What happens when you fall into a Black Hole? It’s a question I am sure we’ve all pondered at some point. Would you be instantly killed by intense heat? Would you collide with a giant star or meteor? Would you discover an alternate reality where the Lemmy is the best club in Exeter? Would you be confronted by Lionel Richie, who tells you you’re his angel? In fact, no one really knows what would happen, but we can theorise.
A black hole is the name ascribed to a geometrically defined region of spacetime, where gravity is so strong that nothing (including particles and electromagnetic radiation) can escape. It can be the result of a massive star that has collapsed under its own weight, retreating to a single immeasurably dense point: the singularity. The outermost boundary is the event horizon, and if we penetrate past this, it becomes impossible to escape the gravitational field.
So, let’s imagine you’re falling toward the event horizon, and I’m floating above it watching. As you get closer, your body appears to stretch and contort (as if I’m viewing you through a magnifying glass), and you move in slow motion. I try to signal you with light from my IPhone, but it becomes distorted and redder as the light waves are stretched. Once you reach the horizon, you would freeze in place, as the stopping of time and the fires of Hawking radiation eventually reduced you to ash. According to my perspective, you didn’t make it very far and probably died a pretty tragic death.
However, from your perspective, something baffling happens. Nothing. You keep falling, blissfully unaware you’ve passed beyond the point of no return. If it were a smaller black hole, the force of gravity would be stronger at your feet than your head, and you’d eventually be stretched out like spaghetti until a string of atoms remained. But let’s say it is a massive black hole, millions of times bigger than the Sun. If it were big enough, you’d live out the rest of your life normally until you reached the singularity.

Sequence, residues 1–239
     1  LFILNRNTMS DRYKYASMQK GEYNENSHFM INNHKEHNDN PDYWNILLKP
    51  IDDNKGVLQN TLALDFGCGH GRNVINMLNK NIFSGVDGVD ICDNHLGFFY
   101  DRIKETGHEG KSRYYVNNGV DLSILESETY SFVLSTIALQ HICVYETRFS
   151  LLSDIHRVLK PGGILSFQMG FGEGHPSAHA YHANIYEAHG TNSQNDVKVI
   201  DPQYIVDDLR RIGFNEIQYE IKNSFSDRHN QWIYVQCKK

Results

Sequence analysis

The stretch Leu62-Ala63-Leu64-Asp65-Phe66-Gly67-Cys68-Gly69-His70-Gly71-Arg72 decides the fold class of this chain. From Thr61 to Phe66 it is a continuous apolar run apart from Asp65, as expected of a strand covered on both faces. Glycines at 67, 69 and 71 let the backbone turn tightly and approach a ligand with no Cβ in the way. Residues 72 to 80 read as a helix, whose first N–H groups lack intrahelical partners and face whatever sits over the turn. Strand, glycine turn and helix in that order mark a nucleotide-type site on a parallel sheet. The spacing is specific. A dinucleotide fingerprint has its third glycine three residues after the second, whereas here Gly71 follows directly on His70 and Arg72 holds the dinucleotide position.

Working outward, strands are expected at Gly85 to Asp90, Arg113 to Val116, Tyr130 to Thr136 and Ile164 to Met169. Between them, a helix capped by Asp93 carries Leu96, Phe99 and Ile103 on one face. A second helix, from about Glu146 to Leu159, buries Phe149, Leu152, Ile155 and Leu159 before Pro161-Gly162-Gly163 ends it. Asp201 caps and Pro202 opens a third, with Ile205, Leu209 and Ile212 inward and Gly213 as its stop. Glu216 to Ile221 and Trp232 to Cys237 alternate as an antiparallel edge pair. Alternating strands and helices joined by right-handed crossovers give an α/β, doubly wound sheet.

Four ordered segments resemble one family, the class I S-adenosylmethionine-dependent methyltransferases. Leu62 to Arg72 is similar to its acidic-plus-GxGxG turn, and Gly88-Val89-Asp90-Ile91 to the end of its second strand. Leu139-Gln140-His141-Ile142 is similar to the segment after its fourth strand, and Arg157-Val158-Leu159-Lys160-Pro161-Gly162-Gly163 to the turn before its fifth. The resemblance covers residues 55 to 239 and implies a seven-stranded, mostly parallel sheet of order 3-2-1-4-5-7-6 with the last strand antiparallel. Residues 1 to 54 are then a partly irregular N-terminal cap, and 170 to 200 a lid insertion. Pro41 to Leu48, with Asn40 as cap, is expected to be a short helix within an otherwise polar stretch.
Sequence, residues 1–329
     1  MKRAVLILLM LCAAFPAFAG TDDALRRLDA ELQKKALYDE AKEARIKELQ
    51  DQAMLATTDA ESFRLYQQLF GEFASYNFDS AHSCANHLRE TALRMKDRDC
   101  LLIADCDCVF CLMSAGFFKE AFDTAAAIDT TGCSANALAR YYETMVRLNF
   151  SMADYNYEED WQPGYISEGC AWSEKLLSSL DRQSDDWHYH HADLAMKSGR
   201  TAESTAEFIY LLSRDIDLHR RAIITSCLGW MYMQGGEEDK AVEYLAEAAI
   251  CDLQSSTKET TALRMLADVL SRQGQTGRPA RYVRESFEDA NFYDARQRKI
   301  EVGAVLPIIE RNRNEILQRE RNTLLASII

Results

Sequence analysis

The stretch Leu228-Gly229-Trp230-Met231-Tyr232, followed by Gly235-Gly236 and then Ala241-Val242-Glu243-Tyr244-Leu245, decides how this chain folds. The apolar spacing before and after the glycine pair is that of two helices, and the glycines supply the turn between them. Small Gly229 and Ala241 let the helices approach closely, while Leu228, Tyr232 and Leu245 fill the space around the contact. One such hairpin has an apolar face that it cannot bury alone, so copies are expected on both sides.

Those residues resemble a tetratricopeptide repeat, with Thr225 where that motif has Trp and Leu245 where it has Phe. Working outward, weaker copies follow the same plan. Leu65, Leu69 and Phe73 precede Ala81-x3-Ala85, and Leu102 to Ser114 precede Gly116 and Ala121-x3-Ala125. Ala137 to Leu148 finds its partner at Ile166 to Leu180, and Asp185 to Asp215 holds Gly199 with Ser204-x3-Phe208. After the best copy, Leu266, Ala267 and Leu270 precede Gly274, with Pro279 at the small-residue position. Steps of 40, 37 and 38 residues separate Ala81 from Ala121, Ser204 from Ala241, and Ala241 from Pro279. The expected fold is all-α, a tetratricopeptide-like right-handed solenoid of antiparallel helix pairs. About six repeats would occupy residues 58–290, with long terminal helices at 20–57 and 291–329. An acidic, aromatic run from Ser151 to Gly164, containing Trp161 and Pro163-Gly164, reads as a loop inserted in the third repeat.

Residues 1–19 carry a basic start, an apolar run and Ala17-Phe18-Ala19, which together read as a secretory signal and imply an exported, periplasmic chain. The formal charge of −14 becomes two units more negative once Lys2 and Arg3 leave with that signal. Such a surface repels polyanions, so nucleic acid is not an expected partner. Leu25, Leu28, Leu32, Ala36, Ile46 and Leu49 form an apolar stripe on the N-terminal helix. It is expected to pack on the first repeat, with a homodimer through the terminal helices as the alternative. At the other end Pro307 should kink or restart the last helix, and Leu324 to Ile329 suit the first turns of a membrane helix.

So here’s the kicker. How can I see you perish, even if you keep falling? How can you be dead, and alive? Quantum physics demands that information (i.e. your atoms) can never be lost, which means it must remain outside the event horizon, or it breaks the laws of physics. Simultaneously, the laws demands that you sail through the horizon, or you’d violate Einstein’s theory of general relativity. You have to be in two places, but there can only be one copy of you. Physicists refer to this perplex problem as the ‘black hole information paradox’.
Leonard Susskind attempted to resolve the issue in the 1990s, stating that there is no paradox because no one sees your clone. You only see one copy of you. You and I never compare notes, and there is no third observer who can see both inside and outside the black hole at the same time. So, no laws of physics are broken, right? You fall freely, I see you die, everyone goes home happy.
Well, yes, until you demand to know which story is true? Are you really dead or are you really alive? And just like that, we’re back to where we started. What happens when you fall inside a black hole? Unfortunately, it depends on who you ask, which means no one knows the true answer. That is why it’s become one of the most antagonistic questions in fundamental physics, and why it’s such a fun concept to talk about.